Even introverts must dip their feet in the networking pool eventually. After all, as we discuss in our report 3 Common Habits That Bite into Startup Profits, relying on too few clients is a big gamble.
There are dozens of networking opportunities out there at any given time, but like many things, what you get out of these events depends on what you put in. Master the art of going to the right places, talking to the right people, and asking the right questions and your future as a networking rock star awaits.
3 Questions to Help You Choose an Event
Before you decide where to go, figure out what you want to accomplish. Are you looking for specific people to sell to? Advice from industry leaders? Potential partners?
Once you know your objective,
communications expert and owner of
Effective Training & Communication, Inc.
, says to ask yourself, “Who do you need to meet / talk with to accomplish your objectives? Who are your targets of opportunity?”
Go where they are, he says.
How do you know if the people you want to talk to will be at the event? Here’s a little advice: “Most events publish previous attendee lists as well as a list of those who registered for the event,” says
investment director at
CIT Gap Funds. “If a list isn’t published, event staff will often provide the names of companies and their representatives attending if asked.”
6 Questions to Break the Ice
Once you’re at the event, it's time to start mingling. It's natural to feel a little shy, but make sure you put yourself out there and talk. That's the whole reason you're there!
As far as breaking the ice goes,
Alisa Cohn (@AlisaCohn), an
executive coach based in New York City with experience helping tech startups, suggests you ask these questions to get the conversation going:
- What brings you here tonight?
- Do you know anyone else here?
- How did you find out about this event?
- What are you hoping to get out of this event?
- What do you do?
- Where are you from?
4 Questions for After the Introduction
After you’ve broken the ice, you want to get to know the person you’re talking to. Cohn says you can try to move into a more adventurous direction with these questions:
- What are some of your interests outside of work?
- Has anything happened to you in the last week or month that really surprised you, either personally or professionally?
- What are some of your top personal or professional goals for this year? How can I help you achieve them?
- What kinds of people do you want to meet? Maybe I can connect you!
Those last two questions are especially important. If you want people to remember who you are, you have to give them a reason.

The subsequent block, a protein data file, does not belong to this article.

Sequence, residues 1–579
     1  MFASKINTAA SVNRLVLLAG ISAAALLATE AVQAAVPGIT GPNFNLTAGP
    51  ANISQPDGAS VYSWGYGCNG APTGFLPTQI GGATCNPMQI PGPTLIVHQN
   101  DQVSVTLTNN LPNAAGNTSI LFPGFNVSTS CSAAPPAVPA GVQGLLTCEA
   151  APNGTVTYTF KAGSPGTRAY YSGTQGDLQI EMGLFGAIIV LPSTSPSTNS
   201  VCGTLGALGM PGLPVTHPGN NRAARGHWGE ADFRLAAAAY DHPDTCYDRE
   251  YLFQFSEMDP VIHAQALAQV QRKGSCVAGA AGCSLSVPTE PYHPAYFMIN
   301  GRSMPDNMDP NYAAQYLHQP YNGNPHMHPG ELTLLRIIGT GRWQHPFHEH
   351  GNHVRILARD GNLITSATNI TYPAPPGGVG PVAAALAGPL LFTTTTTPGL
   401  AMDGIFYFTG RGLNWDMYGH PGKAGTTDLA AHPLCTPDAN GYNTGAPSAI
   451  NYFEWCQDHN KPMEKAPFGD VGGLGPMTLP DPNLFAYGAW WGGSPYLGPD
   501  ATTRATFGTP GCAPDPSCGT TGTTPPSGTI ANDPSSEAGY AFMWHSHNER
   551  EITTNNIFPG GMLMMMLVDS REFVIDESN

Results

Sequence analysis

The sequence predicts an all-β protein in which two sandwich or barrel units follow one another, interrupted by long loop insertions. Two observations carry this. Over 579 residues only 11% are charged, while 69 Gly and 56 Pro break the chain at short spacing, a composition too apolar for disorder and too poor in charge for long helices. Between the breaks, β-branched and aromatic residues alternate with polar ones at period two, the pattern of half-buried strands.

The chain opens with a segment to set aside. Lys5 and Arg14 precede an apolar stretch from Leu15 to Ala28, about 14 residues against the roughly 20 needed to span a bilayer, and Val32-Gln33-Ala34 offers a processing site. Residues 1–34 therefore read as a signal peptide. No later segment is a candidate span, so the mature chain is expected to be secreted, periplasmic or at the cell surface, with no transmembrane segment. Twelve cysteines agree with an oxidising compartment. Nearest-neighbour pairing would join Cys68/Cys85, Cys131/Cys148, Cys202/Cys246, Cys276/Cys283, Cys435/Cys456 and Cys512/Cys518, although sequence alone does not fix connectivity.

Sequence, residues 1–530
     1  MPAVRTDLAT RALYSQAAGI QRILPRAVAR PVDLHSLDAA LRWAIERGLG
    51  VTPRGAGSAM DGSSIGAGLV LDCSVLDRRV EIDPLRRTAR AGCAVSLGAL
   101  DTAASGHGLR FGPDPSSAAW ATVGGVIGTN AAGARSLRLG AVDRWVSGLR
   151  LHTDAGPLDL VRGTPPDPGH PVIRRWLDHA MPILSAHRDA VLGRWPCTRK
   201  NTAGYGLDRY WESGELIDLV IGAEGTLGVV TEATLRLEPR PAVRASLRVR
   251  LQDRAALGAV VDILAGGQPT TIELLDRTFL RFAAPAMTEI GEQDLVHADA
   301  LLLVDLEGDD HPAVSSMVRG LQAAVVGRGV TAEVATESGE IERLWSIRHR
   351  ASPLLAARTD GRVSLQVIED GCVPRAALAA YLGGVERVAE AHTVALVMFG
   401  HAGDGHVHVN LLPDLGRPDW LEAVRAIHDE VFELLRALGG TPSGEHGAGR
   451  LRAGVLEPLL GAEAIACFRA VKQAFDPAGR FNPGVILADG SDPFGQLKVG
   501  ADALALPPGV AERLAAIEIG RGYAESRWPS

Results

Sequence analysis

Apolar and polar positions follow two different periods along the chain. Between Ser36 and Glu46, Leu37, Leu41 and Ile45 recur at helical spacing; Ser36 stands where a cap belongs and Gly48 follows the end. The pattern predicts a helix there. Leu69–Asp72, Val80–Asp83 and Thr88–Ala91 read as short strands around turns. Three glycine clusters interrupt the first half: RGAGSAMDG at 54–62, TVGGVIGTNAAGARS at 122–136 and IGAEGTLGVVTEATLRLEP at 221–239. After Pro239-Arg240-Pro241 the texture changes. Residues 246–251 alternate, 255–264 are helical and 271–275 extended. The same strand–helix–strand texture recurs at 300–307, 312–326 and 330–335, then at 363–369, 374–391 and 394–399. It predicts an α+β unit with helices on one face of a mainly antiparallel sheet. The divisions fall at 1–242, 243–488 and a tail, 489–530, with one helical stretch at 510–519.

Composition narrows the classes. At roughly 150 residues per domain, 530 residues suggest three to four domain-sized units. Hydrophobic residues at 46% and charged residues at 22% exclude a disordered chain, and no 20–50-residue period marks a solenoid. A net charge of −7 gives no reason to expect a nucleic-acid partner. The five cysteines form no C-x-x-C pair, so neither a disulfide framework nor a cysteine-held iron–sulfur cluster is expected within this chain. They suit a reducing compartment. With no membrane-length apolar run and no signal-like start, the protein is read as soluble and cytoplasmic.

“Even if it sounds cliché, remember it's not what people can do for you, it's what you can do for them,” says O’Daniel. “Ask them what keeps them up at night and help them solve it. Offer to introduce them to people in your network who provide products or services they may need.”
For more tips on impressing new contacts, check out Want More IT Consulting Jobs? 4 Tips for Impressing Potential Clients.
1 Question to Ensure Follow-Up
You've made it this far, so it’s time to seal the connection.
“At the end of a short conversation, ask, 'May I give you my card so we can keep in touch?'” says Stella.
After the networking event, follow up with a quick note to tell your new connection you enjoyed the conversation, says Cohn. “Specifically call out one thing that was unique to the discussion, such as ‘I appreciated your point of view about VR’ or ‘I can't believe we are both from Kansas!’” she says.
Then find a way to remind yourself to touch base with that person two or three times a year, Cohn suggests. For example, you might…
- Send them articles that are relevant to their work.
- Follow their company and send a quick note when you see it in the news.
- Respond if update their skills or post new content on LinkedIn.
You can even send them resources, such as our customer education packet on data security.
Networking isn’t a one-and-done deal. You have to keep the relationships alive. So even if your new connection doesn’t pan out in a meaningful way at first, it could have big results later on if you stay in touch.
About the Contributors
Alisa Cohn is an executive coach who helps her clients set more powerful goals and achieve them. She works with successful executives and other high-potential leaders and managers, and her clients get a rigorous coaching process focused on their success and results. The process has been honed with 20 years of coaching and corporate experience, significant research, and Cohn's connections with many of the world's experts in coaching.
Jennifer O’Daniel leads seed and early-stage investments in tech companies for CIT GAP Funds. She is also the co-founder and managing director of VT Investor Network (VTIN), a 75+ member angel group that invests in Hokie-led startups. O’Daniel currently sits on the board of directors for The Roanoke-Blacksburg Technology Council and The Richmond Venture Forum, the board of advisors for Foster.ly, and is a mentor for Founder's Institute.
Phil Stella is the founder of Effective Training & Communication, Inc., a communications consulting and training company in Cleveland, Ohio. For more than 22 years, he has empowered business leaders to communicate more confidently and credibly, which takes the pain out of workplace interactions and sales presentations. He is also on the Cleveland Faculty of the Goldman Sachs 10,000 Small Businesses Initiative.